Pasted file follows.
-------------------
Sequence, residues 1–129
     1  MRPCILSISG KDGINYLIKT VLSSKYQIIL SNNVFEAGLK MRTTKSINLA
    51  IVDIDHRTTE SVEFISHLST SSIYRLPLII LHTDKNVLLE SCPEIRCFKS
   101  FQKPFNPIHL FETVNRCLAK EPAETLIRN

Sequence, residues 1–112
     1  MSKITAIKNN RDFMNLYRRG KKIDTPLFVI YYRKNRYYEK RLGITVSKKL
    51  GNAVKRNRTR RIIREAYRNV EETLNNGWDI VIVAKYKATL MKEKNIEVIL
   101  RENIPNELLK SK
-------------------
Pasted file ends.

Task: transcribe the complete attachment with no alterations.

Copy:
Sequence, residues 1–129
     1  MRPCILSISG KDGINYLIKT VLSSKYQIIL SNNVFEAGLK MRTTKSINLA
    51  IVDIDHRTTE SVEFISHLST SSIYRLPLII LHTDKNVLLE SCPEIRCFKS
   101  FQKPFNPIHL FETVNRCLAK EPAETLIRN

Sequence, residues 1–112
     1  MSKITAIKNN RDFMNLYRRG KKIDTPLFVI YYRKNRYYEK RLGITVSKKL
    51  GNAVKRNRTR RIIREAYRNV EETLNNGWDI VIVAKYKATL MKEKNIEVIL
   101  RENIPNELLK SK